The fair proxy balancer

This is primarily aimed at Grzegorz N., the author of the “fair”
proxy balancer patch for Nginx, but I’m posting this here in case
others want to chip in.

I posted the following on Ezra Z.'s blog recently, in
conjunction with the announcement of the patch. After I posted this,
we have been seeing some rather more extreme examples of non-uniform
request distributions, with some mongrels piling up lots and lots of
connections while other sit completely idle.

We have been running this patch on a live Rails site for a couple of
weeks. We switched from Lighttpd + FastCGI to Nginx + Mongrel for a
couple of technical reasons I won’t go into here. Generally
performance has been worse, but I have been unable to pin down what’s
wrong. From what I can see, the fair patch is not working
consistently. A large portion of the requests will go to a mongrel
which is already processing a request. Here is an output from “ps” on
one of our boxes:

1003 11941 33.7 2.7 131484 112716 ? Rl 15:52 2:24
mongrel_rails [10000/1/89]: handling 127.0.0.1: GET
/kalender/liste/2007/10/28/1
1003 11944 1.2 0.8 54336 35580 ? Sl 15:52 0:05
mongrel_rails [10002/0/1]: idle
1003 11947 4.3 2.8 135804 116924 ? Sl 15:52 0:18
mongrel_rails [10008/0/9]: idle
1003 11950 3.1 0.9 58508 39684 ? Sl 15:52 0:13
mongrel_rails [10011/0/374]: idle
1003 11953 3.3 0.9 58196 39428 ? Sl 15:52 0:14
mongrel_rails [10013/0/370]: idle
1003 11957 3.5 1.3 74784 55944 ? Sl 15:52 0:15
mongrel_rails [10001/0/10]: idle
1003 11961 3.3 0.9 58472 39700 ? Sl 15:52 0:14
mongrel_rails [10012/0/390]: idle
1004 5891 2.3 6.8 302544 283032 ? Rl 15:52 2:24
mongrel_rails [10010/3/26]: handling 127.0.0.1: GET
/bulletin/show/26916
1003 11970 40.7 2.8 138408 119528 ? Sl 15:52 2:52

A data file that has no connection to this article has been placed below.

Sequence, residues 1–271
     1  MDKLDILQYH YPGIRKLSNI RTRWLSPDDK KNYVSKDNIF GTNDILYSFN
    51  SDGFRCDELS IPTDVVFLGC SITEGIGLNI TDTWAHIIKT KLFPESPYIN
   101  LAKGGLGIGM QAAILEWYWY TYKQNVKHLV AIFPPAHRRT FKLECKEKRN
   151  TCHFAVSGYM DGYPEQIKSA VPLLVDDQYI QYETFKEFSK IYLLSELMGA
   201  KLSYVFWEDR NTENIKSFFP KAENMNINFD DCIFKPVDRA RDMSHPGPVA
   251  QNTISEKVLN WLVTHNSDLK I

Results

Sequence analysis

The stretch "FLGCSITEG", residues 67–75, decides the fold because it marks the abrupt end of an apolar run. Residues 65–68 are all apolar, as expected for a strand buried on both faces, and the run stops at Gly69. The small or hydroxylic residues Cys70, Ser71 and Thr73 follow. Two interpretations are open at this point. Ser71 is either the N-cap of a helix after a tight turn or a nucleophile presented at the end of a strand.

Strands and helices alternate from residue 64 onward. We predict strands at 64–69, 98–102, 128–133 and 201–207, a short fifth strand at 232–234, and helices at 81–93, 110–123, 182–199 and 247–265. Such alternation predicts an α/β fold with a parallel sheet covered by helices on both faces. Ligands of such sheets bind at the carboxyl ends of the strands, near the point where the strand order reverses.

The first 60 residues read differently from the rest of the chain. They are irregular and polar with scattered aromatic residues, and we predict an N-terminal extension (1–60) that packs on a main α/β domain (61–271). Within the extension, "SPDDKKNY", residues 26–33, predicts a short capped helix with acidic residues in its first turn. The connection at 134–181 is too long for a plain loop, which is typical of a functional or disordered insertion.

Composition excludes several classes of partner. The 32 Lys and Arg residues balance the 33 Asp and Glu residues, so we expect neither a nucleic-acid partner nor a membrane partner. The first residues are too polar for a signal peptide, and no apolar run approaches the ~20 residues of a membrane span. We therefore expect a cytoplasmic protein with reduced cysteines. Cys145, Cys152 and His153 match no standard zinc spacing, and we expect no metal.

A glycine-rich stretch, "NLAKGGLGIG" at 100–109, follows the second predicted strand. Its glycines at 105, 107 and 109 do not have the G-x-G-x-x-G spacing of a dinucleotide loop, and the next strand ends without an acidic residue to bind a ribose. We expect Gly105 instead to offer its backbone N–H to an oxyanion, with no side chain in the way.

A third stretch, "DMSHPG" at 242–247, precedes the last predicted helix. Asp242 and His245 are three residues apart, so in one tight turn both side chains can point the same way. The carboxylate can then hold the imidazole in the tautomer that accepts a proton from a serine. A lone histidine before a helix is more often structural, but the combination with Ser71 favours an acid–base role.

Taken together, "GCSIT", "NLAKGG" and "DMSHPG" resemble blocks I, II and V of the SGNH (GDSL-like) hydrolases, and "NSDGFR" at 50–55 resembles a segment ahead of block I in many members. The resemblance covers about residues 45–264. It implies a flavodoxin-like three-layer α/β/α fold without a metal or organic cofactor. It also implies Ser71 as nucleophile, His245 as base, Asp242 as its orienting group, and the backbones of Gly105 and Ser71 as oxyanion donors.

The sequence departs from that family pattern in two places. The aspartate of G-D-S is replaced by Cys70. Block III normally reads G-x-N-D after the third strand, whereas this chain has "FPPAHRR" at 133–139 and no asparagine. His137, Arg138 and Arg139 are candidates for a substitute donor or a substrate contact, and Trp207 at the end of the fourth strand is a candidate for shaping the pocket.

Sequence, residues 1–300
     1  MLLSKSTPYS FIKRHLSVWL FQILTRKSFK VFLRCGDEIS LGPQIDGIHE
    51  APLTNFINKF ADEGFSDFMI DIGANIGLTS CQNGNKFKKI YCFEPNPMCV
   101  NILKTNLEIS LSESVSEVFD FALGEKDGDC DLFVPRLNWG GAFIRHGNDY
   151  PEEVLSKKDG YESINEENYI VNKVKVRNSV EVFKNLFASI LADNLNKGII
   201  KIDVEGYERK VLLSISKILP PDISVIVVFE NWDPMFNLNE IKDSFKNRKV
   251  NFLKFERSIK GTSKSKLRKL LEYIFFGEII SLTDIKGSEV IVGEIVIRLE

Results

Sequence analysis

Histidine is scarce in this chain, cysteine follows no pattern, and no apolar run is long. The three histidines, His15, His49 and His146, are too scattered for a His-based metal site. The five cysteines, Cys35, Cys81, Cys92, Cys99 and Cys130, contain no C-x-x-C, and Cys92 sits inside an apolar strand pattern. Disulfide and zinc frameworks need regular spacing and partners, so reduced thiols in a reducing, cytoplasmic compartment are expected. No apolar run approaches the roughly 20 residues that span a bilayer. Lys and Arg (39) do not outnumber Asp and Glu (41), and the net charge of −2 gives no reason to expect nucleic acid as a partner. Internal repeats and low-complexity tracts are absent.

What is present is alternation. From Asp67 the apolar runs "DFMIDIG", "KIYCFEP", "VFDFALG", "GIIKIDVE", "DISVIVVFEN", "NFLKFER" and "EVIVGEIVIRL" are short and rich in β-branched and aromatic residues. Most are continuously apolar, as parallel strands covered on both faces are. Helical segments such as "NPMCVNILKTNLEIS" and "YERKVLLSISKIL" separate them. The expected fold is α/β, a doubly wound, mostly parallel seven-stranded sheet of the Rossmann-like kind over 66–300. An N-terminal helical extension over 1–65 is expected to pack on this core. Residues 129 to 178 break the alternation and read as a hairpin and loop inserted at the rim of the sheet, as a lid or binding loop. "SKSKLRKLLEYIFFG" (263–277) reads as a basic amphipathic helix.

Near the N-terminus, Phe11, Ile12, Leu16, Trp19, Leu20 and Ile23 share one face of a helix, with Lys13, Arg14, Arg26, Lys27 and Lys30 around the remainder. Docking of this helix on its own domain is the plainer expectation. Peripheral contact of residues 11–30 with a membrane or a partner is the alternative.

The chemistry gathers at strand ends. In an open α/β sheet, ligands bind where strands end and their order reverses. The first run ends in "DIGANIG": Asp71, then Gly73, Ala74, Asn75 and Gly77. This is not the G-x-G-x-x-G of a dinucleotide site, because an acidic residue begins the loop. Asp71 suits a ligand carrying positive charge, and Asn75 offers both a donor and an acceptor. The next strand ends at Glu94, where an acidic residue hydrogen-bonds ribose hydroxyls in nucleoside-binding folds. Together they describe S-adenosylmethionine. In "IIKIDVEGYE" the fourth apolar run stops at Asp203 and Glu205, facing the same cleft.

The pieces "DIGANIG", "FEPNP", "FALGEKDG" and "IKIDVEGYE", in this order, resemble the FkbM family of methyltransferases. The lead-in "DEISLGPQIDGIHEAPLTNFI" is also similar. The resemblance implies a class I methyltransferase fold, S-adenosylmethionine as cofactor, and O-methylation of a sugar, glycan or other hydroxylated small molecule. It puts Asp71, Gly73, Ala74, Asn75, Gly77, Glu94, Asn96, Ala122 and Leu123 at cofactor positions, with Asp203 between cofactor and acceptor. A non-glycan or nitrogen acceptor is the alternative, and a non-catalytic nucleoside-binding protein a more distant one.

mongrel_rails [10004/1/75]: handling 127.0.0.1: GET /
1003 11974 40.7 5.1 233756 214824 ? Sl 15:52 2:52
mongrel_rails [10007/2/68]: handling 127.0.0.1: GET
/feed/messages/rss/963/2722
1003 11978 32.1 2.7 133924 115088 ? Sl 15:52 2:15
mongrel_rails [10009/1/79]: handling 127.0.0.1: GET
/kategori/liste/Revival
1003 11990 28.6 2.9 141688 122916 ? Sl 15:52 2:00
mongrel_rails [10005/1/85]: handling 127.0.0.1: GET /generelt/search
1003 11998 27.1 2.8 136816 118020 ? Sl 15:52 1:53
mongrel_rails [10006/1/78]: handling 127.0.0.1: GET
/kalender/liste/2007/9/26
1003 12002 31.8 2.7 131552 112732 ? Sl 15:52 2:13
mongrel_rails [10010/0/89]: idle

Mongrel is running with a custom extension I have written that extends
the process title with status information. The three numbers are the
port, the number of concurrent requests ,and total number of requests
processed during the mongrel’s lifetime What is apparent from this
output is that a bunch of the mongrels are generally not used. This
would not be a problem if several other mongrels were not being forced
to process multiple concurrent requests. Because of the giant Rails
lock, this means certain requests will be queued after other requests,
which impairs response time. (We have a lot of fairly slow requests,
in the 5-10-second range.)

Alexander.

Hi!

On Mon, Dec 03, 2007 at 02:10:44PM +0100, Alexander S. wrote:

This is primarily aimed at Grzegorz N., the author of the “fair”
proxy balancer patch for Nginx, but I’m posting this here in case
others want to chip in.

Well, here I am. Bullseye :slight_smile:

I posted the following on Ezra Z.'s blog recently, in
conjunction with the announcement of the patch. After I posted this,
we have been seeing some rather more extreme examples of non-uniform